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US Oncology's Rifkin Explains Rituximab Uptake


The US Oncology Network is pushing to get more biosimilars into utilization, Robert M. Rifkin, MD, told The Center for Biosimilars® in an interview.

Rituximab is a drug with efficacy for rheumatoid arthritis and other autoimmune diseases and its biosimilar form is catching on, thanks to a variety of factors, not the least of which is an effort by physicians to promote biosimilar use, Robert M. Rifkin, MD, a medical oncologist and hematologist with Rocky Mountain Cancer Centers in Denver, told The Center for Biosimilars®.

“We’re pushing hard, certainly in our network,” said Rifkin, whose practice is affiliated with The US Oncology Network, which includes 68 oncology practices across the United States. He is active in the development of biosimilars.

Biosimilars Put Downward Pressure on Prices

In the United States there are 2 rituximab biosimilars on the market. One is Truxima, which was launched in the United States late in 2019 and most recently won a prequalification designation from the World Health Organization (WHO) for the treatment of diffuse large B-cell lymphoma, chronic lymphocytic leukemia, and follicular lymphoma.

This raises the profile of the drug among physicians worldwide and encourages the use of this product. Truxima, which was developed by Celltrion Healthcare, became the second biosimilar after Ontruzant, a trastuzumab copy, to receive this WHO designation.

An additional rituximab biosimilar that adds to the downward pressure on prices and broadens treatment options for physicians is Pfizer’s Ruxience, which launched in January of this year. “It’s a competitive space, but clearly, what everybody is looking for is lower costs and increased access, which probably will be helped with the WHO’s recognition of Truxima,” Rifkin said.

On the physician side, when using biosimilars, it’s important to recognize that biosimilars may not have been FDA approved for all of the indications of the originator drug, so checking the label is important, Rifkin said. “The good news for Truxima is that they just got the rheumatoid arthritis indication.” This happened in early May. “So, that kind of levels the playing field.”

Ideal Placement in the Treatment Regimen

The US Oncology Network and group purchasing initiatives that Rifkin is involved with are helping to drive higher utilization of Truxima to achieve savings that can make a difference for patients. Patients may need to take this drug for long periods, particularly for treatment of rheumatoid arthritis, and knowing where to slot it in the treatment regimen is still a process of discovery, Rifkin said. “We’re putting it everywhere we can, up-front,” and the uptake numbers confirm that utilization is improving, he said.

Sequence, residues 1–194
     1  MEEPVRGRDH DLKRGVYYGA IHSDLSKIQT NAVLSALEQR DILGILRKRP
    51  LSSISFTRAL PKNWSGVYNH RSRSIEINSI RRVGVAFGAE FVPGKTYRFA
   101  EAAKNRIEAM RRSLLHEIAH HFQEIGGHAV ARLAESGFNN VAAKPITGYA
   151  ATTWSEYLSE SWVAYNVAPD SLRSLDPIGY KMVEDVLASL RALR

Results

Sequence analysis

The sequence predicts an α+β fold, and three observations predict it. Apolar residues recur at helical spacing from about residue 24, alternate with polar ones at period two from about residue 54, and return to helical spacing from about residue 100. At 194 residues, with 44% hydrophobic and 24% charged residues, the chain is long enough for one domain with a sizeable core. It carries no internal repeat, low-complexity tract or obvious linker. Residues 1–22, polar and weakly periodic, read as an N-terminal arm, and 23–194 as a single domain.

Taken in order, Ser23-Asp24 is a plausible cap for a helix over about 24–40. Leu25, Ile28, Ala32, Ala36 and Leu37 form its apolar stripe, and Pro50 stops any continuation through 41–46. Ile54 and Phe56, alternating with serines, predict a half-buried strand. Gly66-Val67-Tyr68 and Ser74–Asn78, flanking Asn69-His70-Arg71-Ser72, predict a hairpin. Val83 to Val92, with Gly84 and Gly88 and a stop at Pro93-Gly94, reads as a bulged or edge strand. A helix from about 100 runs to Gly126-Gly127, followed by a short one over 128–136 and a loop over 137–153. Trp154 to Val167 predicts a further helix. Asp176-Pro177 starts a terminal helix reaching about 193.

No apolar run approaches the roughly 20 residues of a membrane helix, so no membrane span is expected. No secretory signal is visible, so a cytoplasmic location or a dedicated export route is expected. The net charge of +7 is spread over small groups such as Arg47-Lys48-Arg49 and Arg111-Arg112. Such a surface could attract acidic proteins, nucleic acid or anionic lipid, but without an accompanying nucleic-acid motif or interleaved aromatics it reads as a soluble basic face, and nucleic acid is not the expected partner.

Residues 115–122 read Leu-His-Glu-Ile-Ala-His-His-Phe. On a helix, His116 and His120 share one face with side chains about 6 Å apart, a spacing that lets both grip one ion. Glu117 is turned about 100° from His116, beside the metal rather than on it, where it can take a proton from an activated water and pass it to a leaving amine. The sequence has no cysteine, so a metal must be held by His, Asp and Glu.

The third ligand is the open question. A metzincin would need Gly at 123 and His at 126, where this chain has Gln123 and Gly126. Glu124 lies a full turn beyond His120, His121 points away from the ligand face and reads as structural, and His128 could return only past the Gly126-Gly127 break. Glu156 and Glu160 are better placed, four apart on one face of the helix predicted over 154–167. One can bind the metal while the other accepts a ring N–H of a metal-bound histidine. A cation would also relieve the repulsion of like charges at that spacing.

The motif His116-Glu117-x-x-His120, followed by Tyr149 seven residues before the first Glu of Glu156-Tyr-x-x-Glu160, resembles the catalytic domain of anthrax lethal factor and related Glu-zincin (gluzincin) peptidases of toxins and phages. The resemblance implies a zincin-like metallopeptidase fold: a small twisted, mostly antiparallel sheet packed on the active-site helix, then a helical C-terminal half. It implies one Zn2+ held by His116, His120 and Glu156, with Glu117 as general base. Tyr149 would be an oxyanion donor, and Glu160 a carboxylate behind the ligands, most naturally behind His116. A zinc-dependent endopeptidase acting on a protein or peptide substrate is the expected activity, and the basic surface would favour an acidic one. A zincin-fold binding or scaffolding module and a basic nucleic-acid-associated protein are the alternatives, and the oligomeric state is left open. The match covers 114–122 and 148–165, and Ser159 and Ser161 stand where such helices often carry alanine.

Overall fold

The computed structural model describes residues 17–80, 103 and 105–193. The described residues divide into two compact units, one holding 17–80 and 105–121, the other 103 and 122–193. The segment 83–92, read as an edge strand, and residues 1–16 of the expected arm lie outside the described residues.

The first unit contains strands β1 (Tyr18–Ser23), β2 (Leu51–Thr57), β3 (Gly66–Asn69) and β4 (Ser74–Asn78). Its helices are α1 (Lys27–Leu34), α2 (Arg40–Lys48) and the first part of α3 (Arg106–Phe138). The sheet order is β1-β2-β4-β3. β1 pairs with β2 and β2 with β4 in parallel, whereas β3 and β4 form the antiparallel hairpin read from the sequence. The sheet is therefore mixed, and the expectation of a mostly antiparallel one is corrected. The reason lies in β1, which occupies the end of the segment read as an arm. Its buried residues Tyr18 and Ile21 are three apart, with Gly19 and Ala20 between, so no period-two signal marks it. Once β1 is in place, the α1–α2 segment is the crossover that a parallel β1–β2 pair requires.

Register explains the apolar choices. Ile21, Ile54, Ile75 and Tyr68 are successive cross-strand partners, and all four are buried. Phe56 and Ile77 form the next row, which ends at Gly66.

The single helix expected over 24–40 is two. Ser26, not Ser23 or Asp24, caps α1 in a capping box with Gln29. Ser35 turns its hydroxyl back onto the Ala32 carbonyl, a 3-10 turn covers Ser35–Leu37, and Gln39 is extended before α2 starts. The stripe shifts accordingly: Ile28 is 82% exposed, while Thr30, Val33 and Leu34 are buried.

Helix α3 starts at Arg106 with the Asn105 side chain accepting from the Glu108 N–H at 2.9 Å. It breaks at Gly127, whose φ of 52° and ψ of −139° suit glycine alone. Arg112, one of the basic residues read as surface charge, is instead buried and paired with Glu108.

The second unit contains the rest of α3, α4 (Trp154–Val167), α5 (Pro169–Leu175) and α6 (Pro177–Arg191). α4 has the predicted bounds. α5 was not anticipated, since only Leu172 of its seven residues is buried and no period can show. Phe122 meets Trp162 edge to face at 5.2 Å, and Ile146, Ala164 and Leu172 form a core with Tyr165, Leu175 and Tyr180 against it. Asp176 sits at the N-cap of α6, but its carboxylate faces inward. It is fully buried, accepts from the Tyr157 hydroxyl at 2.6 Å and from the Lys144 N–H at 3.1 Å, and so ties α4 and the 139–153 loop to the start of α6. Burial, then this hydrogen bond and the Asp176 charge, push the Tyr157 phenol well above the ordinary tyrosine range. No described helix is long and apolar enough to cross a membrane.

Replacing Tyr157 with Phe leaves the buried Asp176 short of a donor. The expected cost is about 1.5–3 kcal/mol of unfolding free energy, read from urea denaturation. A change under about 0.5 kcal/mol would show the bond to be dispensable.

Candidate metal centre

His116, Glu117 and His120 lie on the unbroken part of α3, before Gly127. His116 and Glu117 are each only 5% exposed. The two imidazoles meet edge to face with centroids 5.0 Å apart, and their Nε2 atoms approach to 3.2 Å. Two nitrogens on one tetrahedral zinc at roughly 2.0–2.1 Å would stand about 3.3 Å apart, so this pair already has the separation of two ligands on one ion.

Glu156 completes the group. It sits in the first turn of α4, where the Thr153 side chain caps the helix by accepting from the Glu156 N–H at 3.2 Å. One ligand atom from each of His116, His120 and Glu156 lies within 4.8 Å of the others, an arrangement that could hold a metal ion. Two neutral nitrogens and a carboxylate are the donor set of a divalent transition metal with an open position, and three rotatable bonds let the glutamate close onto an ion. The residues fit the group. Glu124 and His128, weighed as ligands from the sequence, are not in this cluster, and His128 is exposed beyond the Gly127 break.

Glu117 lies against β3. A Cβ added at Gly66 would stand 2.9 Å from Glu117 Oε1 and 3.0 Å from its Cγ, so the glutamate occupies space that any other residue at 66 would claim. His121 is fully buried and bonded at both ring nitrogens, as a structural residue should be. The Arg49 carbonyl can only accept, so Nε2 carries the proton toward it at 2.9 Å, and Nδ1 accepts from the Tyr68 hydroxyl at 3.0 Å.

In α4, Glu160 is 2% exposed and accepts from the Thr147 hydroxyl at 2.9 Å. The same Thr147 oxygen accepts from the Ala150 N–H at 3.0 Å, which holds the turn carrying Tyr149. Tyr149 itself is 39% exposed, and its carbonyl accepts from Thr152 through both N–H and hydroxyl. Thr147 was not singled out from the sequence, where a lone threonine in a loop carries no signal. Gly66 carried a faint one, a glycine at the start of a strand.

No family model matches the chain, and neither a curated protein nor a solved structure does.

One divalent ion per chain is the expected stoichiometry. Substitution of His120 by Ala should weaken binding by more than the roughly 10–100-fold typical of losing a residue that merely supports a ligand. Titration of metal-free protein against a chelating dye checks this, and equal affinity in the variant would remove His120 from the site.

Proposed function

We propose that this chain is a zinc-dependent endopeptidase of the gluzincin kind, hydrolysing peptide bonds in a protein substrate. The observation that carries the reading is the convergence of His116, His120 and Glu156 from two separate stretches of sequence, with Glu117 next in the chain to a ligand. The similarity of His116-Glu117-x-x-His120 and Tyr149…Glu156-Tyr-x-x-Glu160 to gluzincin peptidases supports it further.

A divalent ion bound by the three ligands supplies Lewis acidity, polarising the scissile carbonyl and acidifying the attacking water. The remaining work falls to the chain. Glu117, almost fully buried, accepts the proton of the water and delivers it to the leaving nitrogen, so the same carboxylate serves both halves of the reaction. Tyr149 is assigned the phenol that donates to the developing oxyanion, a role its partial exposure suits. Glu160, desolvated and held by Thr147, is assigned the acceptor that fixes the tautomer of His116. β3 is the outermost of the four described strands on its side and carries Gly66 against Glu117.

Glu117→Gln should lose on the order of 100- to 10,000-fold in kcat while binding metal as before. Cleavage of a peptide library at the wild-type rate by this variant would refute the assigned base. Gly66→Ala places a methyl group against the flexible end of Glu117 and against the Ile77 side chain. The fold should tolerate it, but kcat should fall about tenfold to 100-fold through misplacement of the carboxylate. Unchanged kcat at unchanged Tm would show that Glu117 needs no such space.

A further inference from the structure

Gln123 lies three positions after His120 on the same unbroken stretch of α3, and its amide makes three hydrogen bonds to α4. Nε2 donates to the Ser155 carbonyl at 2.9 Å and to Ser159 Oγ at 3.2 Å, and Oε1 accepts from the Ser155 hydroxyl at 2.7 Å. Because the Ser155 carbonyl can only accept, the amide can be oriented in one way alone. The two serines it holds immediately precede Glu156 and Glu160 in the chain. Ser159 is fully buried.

Education on biosimilars helps. “I think our network is very well educated. We have a biosimilars toolkit that many of [The US Oncology Network] clinical staff members could look at if they wanted to and learn as much as they want about biosimilars.” Efforts are also made to ensure that all of the clinical data submitted for FDA approval are posted prominently for the health care workers and physicians so they can familiarize themselves with the evidence foundation for these products, Rifkin said.

With all of this work to support biosimilar adoption, uptake of these products is increasing slowly, but this pace is to be expected given that these are therapeutics rather than supportive-care products, Rifkin said.

That slow pace of acceptance and utilization is somewhat separate from the development pipeline. There are new biosimilar entrants in the pipeline for FDA and European regulatory approval, and growth like this is steadily increasing the number of biosimilars available to physicians or the medical community. There are already 5 trastuzumab biosimilars on the US market, 3 of which were launched in the first half of 2020, and Rifkin expects there to be more before the year closes out.

For physicians, this does complicate the process of choosing medications, he said, because contracts for use of these products are determined not at the provider level but higher up the supply chain and by payer organizations, and these are confusing to navigate.

“I think it’s going to be unrealistic to expect pharmacies, all of our big supply channels, and distributors to carry every single biosimilar. Certainly the originator [Herceptin] will remain there, and then I think various stakeholders will move toward the notion of a preferred biosimilar," he said.

“I really think you probably need to carry only a couple, because it’s going to get too confusing if I have 5 trastuzumabs on the shelf plus the originator. That’s a supply chain—stock issue, but more importantly, that increases the opportunity for mistakes,” he said.

As to whether payers are hearing the message that business-based restrictions on biosimilar use may complicate matters for physicians, Rifkin noted that it may be difficult to persuade a payer to grant flexibility in the use of one biosimilar over another if the preferred biosimilar is clearly a better financial deal. “A lot of the payers already have preplanned arrangements with manufacturers. We can remind them that we don’t want to carry 5 of the same biosimilars, but that may not have any effect,” he said.

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